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Volume IX - The Unity of Religious Ideals

Part IV


THE Christ spirit cannot be explained in words. The omnipresent intelligence, which is in the rock, in the tree, and in the animal, shows its gradual unfoldment in man. This is a fact accepted by both science and metaphysics. The intelligence shows its culmination in the complete development of human personality, such as the personality, which was recognized in Jesus Christ by his followers. The followers of Buddha recognized the same unfoldment of the object of creation in Gautama Buddha, and the Hindus saw the same in Shri Krishna. Those who followed Moses recognized it in him too, and they have maintained their belief for thousands of years; the same culmination of the all-pervading intelligence was recognized in Muhammad by his followers.

No man has the right to claim this stage of development, nor can anyone very well compare two holy men both recognized by their followers as the perfect Spirit of God. For a thoughtless person it is easy to express an opinion and to compare two people, but a thoughtful person first thinks whether he has arrived at that stage where he is able to compare two such personalities.

No doubt it is different when it concerns a question of belief. The belief of the Muslim cannot be the same as that of the Jewish people, nor can the Christian belief be the same as that of the Buddhists. However, the wise man understands all beliefs, for he is one with them all.

The question whether a certain person was destined to be a complete personality, may be answered that there is no person who is not destined to be something. Every person has his life designed beforehand, and the light of the purpose that he is born to accomplish in life had already been kindled in his soul. Therefore, whatever be the grade of a person's evolution, he is certainly destined to be so. Discussion of the lives that the different prophets have lived, as to the superiority of one over the other, seems to be a primitive attempt on the part of man. If without knowing the conditions of that particular time when the prophet lived, or the psychology of the people at the time, he is ready to judge that personality by the standards of today he does not do that personality justice.

When a person compares one particular teaching of a prophet with the teaching of another prophet, he also makes a great mistake, because the teachings of the prophets have not all been of the same kind. The teachings are like the works of a composer who writes music in all the different keys, and who puts the highest note and the lowest note and all the notes of different octaves into his music. The teachings of the prophets are nothing but the answer to the demands of individual and collective souls. Sometimes a childlike soul comes and asks, and an answer is given appropriate to his understanding; and an old soul comes and asks, and he is given an answer suited to his evolution.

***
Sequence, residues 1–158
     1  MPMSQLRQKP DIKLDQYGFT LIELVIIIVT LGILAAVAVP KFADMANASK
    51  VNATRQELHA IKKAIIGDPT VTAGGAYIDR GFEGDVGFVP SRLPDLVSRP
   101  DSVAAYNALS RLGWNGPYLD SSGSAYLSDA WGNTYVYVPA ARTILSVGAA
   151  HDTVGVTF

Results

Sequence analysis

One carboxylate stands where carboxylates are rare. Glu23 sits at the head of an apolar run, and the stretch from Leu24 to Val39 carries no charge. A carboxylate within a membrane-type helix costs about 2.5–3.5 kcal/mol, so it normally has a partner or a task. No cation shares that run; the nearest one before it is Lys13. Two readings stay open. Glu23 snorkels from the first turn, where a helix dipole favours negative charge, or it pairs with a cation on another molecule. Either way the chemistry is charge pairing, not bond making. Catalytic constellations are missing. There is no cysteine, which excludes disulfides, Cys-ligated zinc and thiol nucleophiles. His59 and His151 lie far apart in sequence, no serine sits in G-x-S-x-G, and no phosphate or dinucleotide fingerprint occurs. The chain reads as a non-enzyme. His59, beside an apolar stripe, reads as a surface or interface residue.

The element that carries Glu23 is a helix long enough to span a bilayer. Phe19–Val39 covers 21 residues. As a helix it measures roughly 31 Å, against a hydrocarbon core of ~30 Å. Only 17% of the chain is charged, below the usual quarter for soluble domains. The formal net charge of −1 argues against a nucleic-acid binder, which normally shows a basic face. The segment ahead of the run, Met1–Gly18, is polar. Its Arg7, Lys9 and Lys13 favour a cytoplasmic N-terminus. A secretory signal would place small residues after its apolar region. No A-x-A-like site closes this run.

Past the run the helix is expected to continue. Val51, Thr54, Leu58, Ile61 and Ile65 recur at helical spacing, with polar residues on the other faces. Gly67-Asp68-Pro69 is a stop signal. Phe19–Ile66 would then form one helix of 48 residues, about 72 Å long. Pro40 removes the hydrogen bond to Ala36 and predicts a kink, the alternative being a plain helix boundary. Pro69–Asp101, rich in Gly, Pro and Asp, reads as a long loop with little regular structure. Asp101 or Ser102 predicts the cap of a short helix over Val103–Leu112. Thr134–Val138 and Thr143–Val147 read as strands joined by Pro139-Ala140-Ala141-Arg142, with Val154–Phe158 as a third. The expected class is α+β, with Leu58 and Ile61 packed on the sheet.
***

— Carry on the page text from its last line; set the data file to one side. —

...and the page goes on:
It is not doing justice to either to compare a teaching, which Krishna gave to a child with one, which Buddha gave to an old soul. It is easy to say, 'I do not like the music of Wagner; I simply hate It.' but I should think it would be better first to become like Wagner and then to hate if one still wants to. To weigh, to measure, to examine, to pronounce an opinion on a great personality, one must first rise to his stage of development; otherwise the best thing is a respectful attitude. Respect in any form is the way of the wise.

Then there are simple people who hear about miracles; they attach great importance to what they have perhaps read in the traditions about the miracles performed by the great souls, but in this way they limit the greatness of God to a certain miracle. If God is eternal then His miracle is eternal. It is always there. There is no such thing as unnatural, nor such a thing as impossible. Things seem unnatural because they are unusual; things seem impossible because they are beyond man's limited reason. Life itself is a phenomenon, a miracle. The more one knows about it the more one is conscious of the wonder of life, and the more one realizes that if there is any phenomenon or miracle it is man's birthright. By whom are miracles performed? It is by man, who can do it and who will do it; but what is most essential is not a miracle: the most essential thing is the understanding of life.

The soul who realized the truth even before he claimed to be Alpha and Omega, is Christ. To know intellectually that life is eternal, or that the whole of life is one, is not sufficient, although it is the first step towards perfection. The actual realization of this comes from the personality of the God-conscious soul like a fragrance in his thought, speech and action and affects the world like incense put on the fire.

There are beliefs such as that of salvation through Christ, but the man who is prejudiced against religion closes the doors of his heart before having had the patience to understand what it really means. It only means that there is no liberation without an ideal before one. The ideal is a stepping stone towards that attainment which is called liberation.